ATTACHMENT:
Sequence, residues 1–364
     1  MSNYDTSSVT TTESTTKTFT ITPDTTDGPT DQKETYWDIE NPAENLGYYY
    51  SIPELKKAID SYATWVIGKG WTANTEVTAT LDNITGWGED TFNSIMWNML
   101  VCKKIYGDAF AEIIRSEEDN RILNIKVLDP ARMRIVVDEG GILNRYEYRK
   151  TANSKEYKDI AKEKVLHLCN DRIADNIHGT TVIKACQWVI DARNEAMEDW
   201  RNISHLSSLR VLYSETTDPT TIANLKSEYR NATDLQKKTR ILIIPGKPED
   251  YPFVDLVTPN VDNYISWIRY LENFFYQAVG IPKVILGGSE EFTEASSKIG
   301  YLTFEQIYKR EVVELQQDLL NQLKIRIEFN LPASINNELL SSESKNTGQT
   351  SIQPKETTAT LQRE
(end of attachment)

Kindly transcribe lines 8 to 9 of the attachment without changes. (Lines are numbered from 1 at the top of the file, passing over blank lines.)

   301  YLTFEQIYKR EVVELQQDLL NQLKIRIEFN LPASINNELL SSESKNTGQT
   351  SIQPKETTAT LQRE